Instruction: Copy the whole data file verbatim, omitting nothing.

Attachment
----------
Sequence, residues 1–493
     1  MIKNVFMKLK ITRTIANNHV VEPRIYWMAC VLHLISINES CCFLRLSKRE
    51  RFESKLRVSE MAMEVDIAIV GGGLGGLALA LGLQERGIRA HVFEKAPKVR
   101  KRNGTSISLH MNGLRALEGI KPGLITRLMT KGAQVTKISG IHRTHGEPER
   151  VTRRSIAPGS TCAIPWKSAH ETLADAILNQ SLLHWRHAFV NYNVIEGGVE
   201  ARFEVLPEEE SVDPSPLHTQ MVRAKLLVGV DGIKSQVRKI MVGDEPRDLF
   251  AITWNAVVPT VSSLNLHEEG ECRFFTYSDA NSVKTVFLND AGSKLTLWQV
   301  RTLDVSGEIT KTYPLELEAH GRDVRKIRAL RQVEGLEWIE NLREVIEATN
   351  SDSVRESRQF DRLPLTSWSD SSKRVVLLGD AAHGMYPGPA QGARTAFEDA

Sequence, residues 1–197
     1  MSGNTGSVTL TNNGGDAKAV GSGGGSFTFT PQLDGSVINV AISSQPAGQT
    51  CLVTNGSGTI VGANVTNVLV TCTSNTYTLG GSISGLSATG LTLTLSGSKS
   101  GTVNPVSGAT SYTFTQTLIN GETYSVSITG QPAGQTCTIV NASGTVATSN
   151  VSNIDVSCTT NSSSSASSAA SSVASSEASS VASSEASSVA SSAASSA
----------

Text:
Sequence, residues 1–493
     1  MIKNVFMKLK ITRTIANNHV VEPRIYWMAC VLHLISINES CCFLRLSKRE
    51  RFESKLRVSE MAMEVDIAIV GGGLGGLALA LGLQERGIRA HVFEKAPKVR
   101  KRNGTSISLH MNGLRALEGI KPGLITRLMT KGAQVTKISG IHRTHGEPER
   151  VTRRSIAPGS TCAIPWKSAH ETLADAILNQ SLLHWRHAFV NYNVIEGGVE
   201  ARFEVLPEEE SVDPSPLHTQ MVRAKLLVGV DGIKSQVRKI MVGDEPRDLF
   251  AITWNAVVPT VSSLNLHEEG ECRFFTYSDA NSVKTVFLND AGSKLTLWQV
   301  RTLDVSGEIT KTYPLELEAH GRDVRKIRAL RQVEGLEWIE NLREVIEATN
   351  SDSVRESRQF DRLPLTSWSD SSKRVVLLGD AAHGMYPGPA QGARTAFEDA

Sequence, residues 1–197
     1  MSGNTGSVTL TNNGGDAKAV GSGGGSFTFT PQLDGSVINV AISSQPAGQT
    51  CLVTNGSGTI VGANVTNVLV TCTSNTYTLG GSISGLSATG LTLTLSGSKS
   101  GTVNPVSGAT SYTFTQTLIN GETYSVSITG QPAGQTCTIV NASGTVATSN
   151  VSNIDVSCTT NSSSSASSAA SSVASSEASS VASSEASSVA SSAASSA